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Foreground: Representative Claire Cronin (D-Plymouth) speaking to Commissioner Mitchell Chester, Department of Elementary and Secondary Education. Background: TeeAra Dias, Preschool Expansion Grant Project Manager, Boston Public Schools.

Foreground: Representative Claire Cronin (D-Plymouth) speaking to Commissioner Mitchell Chester, Department of Elementary and Secondary Education. Background: TeeAra Dias, Preschool Expansion Grant Project Manager, Boston Public Schools.

 

“We now know there are more kids in more programs, but clearly not enough, clearly not enough,” Chris Martes, president and CEO of Strategies for Children, told the 100 participants at a meeting that was held last month in downtown Boston for the community teams from across Massachusetts that are focused on expanding preschool opportunities for children and families.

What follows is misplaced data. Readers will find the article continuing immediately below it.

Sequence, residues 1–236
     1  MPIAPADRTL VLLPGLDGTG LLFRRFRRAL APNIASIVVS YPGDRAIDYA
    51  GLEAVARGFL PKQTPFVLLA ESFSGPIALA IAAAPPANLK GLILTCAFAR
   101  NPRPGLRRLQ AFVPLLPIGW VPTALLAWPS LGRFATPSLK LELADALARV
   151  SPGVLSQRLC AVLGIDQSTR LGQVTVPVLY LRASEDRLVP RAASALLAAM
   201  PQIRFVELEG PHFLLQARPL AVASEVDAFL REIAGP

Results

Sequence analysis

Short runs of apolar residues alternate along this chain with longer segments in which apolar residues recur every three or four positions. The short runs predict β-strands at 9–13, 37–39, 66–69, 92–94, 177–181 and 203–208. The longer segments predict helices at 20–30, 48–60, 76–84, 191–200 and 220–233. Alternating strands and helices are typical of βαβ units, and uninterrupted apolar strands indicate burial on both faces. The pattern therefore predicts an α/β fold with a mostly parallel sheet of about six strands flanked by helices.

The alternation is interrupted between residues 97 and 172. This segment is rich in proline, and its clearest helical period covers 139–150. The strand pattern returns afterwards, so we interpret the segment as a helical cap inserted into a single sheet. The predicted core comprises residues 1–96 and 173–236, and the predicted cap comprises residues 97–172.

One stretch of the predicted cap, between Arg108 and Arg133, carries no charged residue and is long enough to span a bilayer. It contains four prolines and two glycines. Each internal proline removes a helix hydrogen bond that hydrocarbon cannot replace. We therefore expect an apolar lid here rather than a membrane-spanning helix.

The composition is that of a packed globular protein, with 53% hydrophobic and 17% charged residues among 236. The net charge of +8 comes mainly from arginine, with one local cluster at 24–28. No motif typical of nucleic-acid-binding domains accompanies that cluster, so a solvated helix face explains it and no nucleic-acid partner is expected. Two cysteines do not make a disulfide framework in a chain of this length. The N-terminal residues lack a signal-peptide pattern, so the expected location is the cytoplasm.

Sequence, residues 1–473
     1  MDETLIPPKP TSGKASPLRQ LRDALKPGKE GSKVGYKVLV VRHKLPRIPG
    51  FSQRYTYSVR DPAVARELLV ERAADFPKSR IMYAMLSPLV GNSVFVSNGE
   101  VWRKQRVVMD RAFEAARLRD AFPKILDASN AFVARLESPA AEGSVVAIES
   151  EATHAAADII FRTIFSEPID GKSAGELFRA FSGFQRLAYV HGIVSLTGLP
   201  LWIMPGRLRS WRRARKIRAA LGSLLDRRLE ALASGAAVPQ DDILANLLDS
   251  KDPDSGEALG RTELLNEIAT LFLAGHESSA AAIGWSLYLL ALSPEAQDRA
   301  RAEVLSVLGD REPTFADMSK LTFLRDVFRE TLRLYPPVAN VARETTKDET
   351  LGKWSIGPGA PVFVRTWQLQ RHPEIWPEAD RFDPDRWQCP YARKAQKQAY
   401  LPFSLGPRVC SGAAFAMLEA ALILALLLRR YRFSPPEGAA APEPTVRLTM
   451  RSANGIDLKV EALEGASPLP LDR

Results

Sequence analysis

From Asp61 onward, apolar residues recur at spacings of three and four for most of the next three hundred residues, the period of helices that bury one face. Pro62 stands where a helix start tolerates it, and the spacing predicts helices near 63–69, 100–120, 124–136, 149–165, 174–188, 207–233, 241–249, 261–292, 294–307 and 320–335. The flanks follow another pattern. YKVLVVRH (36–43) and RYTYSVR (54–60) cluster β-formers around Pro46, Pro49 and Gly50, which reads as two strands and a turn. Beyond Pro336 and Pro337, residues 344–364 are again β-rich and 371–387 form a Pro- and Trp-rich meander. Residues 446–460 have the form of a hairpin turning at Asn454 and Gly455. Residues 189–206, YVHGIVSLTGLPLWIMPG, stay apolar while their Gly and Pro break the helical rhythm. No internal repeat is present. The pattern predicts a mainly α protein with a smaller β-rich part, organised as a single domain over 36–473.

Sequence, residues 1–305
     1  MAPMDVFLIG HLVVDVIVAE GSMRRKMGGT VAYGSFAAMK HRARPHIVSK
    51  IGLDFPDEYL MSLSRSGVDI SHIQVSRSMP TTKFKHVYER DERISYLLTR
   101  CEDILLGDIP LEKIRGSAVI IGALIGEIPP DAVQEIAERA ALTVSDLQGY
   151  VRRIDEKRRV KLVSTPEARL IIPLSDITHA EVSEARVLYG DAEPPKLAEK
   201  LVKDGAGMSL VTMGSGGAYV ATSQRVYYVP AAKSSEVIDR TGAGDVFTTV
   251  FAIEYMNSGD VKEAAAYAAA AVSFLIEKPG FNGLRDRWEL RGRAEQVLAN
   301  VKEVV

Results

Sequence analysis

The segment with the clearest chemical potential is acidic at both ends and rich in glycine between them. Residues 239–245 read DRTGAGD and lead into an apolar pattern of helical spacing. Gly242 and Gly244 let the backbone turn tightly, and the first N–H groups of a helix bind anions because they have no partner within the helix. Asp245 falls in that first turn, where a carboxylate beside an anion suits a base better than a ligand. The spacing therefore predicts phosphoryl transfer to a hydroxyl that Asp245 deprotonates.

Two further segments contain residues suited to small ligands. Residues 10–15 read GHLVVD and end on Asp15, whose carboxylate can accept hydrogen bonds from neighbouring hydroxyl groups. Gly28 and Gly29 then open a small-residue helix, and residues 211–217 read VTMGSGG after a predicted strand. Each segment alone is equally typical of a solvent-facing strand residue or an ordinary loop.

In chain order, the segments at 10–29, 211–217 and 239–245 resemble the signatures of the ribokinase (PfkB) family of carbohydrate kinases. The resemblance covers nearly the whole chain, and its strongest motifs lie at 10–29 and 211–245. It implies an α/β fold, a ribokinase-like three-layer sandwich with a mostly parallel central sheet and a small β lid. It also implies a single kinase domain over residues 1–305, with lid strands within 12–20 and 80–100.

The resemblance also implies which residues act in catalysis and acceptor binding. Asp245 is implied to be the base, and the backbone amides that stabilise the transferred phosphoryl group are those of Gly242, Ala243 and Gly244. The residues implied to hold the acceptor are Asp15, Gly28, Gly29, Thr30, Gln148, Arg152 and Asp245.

We’re including audio clips and photos from the event in this blog post.

 

Strategies for Children’s Amy O’Leary presents a brief history of state policy for early education and care.

 

Each team had received either federal Preschool Expansion Grant funds to add high-quality preschool seats (5 communities); state-funded preschool planning grants (13 communities); or both. Combined, these communities are Athol, Boston, Brockton, Cape Cod, Fall River, Holyoke, Lawrence, Lowell, New Bedford, North Adams, Pittsfield, Springfield, Somerville, and Worcester. (more…)